My eagle-eyed walking partner spotted it. Not sure I would ever have noticed if she hadn’t wondered aloud, “Why are there leaves on top of that sign?”
Three signs, actually — a yellow warning sign about kids (close proximity to the former St. Edmund School on Pleasant Street), “No Parking Here to Corner,” and “1 Hour Parking.” A clump of signs on a green pole with a green clump of leaves on top.
The first thing we noticed upon closer inspection is that the leaves are alive, not dried up and withered as you would expect if someone, for some reason, arranged a crown of leaves on top of a street sign for some whimsical lark.
In fact, this crown of leaves looked so healthy, we were forced to channel our inner Sherlock Holmes, who famously observed that if you eliminate the impossible, what’s left is the solution. This shock of leaves was flourishing and that could only happen with roots, and if these leaves had roots, they also had a trunk. After rejecting all the impossibles (e.g. the wasp’s nest nestled within the leaf cluster was not a disguised pot filled with soil because wasps were actively using it), there was only one place where that trunk could be — inside the sign pole.
A long, squared-off tube, featuring a series of holes on all four sides along its entire length, which meant we could peer within, led to discovering this was not just a sign pole. It was a conduit for a slender tree trunk, growing straight and “true,” which, in Old English, was the origin of the word “tree.” Stunted leaves and foiled branches were visible through the holes but none made it out of the holes, which would have been a dead giveaway that something alive was inside. It also meant that no nutrients were being diverted from the leafy mop on top of the signage.
Somehow, a seed must have gotten in through one of the holes, germinated in the moist dark soil, been irrigated by rain and snow, and even indirectly sunned, then rose until eventually it came out on top and found more direct sunlight. What are the odds?
Which makes this Irrepressible Plant No. 2. Last month I wrote about a shrub defying long odds — and passing, polluting cars — to thrive in front of the overpass divider at Harlem Avenue and North Boulevard. I found that plant’s persistence inspiring.
Alas, someone — most likely IDOT — found it annoying and in short order, it was cut down. The stump is all that’s left, which means that someone at IDOT must have actually read our newspaper and, even more improbably, this column, which is beyond my wildest imagining.
Let’s hope the village of Oak Park doesn’t take its lead from IDOT and execute this sapling, which has struggled so mightily to find its place at last in the sun. Better to remove the sign pole from around the tree, if such a delicate operation is possible. (Free the Tree! Watch the Wasps!)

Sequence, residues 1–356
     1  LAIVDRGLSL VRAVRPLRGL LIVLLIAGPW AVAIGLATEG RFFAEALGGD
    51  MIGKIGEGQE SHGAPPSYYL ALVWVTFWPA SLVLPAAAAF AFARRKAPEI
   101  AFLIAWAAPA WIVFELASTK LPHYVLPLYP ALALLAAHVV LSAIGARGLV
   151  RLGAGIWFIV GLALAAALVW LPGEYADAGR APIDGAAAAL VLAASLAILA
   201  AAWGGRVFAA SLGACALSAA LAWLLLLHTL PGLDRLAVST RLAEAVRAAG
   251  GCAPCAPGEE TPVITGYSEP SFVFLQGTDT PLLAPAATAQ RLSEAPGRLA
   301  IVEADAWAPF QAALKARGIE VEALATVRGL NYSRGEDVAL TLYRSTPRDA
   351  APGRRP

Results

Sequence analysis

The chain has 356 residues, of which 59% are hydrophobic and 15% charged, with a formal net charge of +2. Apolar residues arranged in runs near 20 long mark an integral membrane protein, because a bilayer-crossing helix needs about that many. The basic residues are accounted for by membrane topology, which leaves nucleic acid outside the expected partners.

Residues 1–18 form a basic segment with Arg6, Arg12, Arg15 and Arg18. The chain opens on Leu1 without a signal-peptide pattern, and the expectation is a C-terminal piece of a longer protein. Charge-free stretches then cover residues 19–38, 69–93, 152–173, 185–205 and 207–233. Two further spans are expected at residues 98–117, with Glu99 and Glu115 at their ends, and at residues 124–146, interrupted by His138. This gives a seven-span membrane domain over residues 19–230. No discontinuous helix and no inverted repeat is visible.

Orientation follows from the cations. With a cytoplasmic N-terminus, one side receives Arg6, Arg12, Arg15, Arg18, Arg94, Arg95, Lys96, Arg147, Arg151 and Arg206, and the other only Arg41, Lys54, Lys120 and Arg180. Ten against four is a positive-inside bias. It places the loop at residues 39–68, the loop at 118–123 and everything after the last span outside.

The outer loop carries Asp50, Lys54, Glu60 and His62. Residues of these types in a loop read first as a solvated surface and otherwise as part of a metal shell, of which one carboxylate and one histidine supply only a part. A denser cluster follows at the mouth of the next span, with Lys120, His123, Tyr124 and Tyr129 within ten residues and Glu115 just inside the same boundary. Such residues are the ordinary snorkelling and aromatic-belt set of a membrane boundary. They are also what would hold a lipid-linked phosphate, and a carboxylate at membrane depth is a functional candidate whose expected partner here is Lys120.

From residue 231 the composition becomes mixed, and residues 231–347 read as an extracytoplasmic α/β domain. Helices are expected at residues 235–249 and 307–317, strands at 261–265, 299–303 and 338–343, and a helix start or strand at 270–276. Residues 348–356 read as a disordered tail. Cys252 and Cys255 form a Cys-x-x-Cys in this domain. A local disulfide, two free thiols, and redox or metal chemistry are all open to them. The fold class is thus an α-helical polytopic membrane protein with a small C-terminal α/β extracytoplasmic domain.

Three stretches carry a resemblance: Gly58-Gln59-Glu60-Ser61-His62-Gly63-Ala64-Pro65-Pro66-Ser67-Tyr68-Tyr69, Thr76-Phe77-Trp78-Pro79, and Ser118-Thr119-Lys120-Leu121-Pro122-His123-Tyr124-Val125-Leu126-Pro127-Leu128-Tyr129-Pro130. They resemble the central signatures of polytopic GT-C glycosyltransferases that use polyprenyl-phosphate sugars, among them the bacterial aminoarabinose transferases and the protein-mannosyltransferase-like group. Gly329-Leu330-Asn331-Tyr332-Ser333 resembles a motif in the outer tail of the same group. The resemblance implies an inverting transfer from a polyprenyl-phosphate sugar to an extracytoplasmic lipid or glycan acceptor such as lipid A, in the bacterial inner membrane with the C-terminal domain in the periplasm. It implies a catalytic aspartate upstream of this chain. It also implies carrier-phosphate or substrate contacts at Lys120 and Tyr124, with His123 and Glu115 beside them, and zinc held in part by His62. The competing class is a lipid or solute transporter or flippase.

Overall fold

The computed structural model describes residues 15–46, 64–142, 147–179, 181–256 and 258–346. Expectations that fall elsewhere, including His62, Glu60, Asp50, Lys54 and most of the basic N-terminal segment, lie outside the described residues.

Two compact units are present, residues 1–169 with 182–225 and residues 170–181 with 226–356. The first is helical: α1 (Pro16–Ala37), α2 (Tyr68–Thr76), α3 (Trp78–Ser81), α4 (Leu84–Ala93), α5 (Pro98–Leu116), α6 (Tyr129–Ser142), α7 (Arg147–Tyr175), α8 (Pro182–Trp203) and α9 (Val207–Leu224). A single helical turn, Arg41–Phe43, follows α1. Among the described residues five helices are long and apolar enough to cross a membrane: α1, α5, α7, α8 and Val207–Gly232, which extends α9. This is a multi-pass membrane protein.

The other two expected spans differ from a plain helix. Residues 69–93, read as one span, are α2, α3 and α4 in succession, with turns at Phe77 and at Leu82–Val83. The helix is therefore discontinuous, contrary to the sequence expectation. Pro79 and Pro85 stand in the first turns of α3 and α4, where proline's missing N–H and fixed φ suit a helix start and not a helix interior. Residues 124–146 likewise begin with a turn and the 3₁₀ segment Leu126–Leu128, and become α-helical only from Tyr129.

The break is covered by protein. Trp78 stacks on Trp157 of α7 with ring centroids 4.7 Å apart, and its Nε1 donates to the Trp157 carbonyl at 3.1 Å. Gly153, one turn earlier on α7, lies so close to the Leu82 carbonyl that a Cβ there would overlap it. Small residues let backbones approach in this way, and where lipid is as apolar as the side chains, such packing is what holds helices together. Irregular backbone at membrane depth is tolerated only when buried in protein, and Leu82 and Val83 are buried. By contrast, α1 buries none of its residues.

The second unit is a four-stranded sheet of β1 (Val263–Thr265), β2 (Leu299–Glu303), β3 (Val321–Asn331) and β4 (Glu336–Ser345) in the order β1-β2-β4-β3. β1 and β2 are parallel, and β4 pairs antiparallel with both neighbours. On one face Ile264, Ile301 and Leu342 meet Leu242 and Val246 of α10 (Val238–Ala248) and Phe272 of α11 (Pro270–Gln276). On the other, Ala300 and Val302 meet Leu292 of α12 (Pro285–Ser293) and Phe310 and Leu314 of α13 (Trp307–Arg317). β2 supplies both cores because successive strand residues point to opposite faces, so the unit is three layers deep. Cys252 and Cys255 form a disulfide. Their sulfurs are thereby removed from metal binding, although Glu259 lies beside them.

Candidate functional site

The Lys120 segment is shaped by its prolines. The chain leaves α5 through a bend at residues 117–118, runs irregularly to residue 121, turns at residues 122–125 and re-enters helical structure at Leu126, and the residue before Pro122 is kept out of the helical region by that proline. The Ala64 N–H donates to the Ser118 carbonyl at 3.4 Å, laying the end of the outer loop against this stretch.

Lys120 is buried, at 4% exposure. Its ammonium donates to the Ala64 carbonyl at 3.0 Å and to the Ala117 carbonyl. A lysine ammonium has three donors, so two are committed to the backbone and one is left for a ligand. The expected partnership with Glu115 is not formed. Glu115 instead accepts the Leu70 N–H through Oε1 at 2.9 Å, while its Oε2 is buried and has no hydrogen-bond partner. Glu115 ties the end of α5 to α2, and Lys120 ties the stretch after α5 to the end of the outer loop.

Imagine if the village could do this with all their signs. That would take “going green” to a whole new level.
I don’t know if the hidden trunk will be content to remain within the restrictive confines of its present metallic cage. I’ve seen tree trunks that have incrementally oozed right through chain link fences. Imagine watching that in time-lapse video.
But if something is dispensable, let it be the signage. The yellow warning sign about kids is obsolete anyway, since first St. Edmund closed its school years back, and the subsequent Children’s School lease wasn’t renewed. Too bad. The students could have adopted the tree and cared for it as a science project.
As municipal mysteries go, this is obviously a micro-issue, yet it also touches on the macro: How does our man-made environment harmoniously co-exist with nature? How do we react when a tree grows up through a hollow sign pole — and succeeds?
It’s a good test of our values. How serious are we about “going green”?
What is the lesson here? Live and let live?
Or “nature finds a way” as one of my friends framed it. But what if we keep eliminating “way” after “way” until nature itself falters, then fails?
A better lesson might be “against all odds.” That’s where we stand right now: The odds stacked against us, which we actually stacked against ourselves (and continue to). We’re fighting to save the planet and the odds against are increasing.
Nature will do everything it can to find a way — if we don’t get in the way. However, nature can’t do it alone anymore. We can’t do it alone either. But every once in a blue moon, nature finds a way and reminds us: If a tree can grow up through a sign-pole and reach the sun, then what else is possible?
Let’s answer that question with the same irrepressibility as this tree has shown.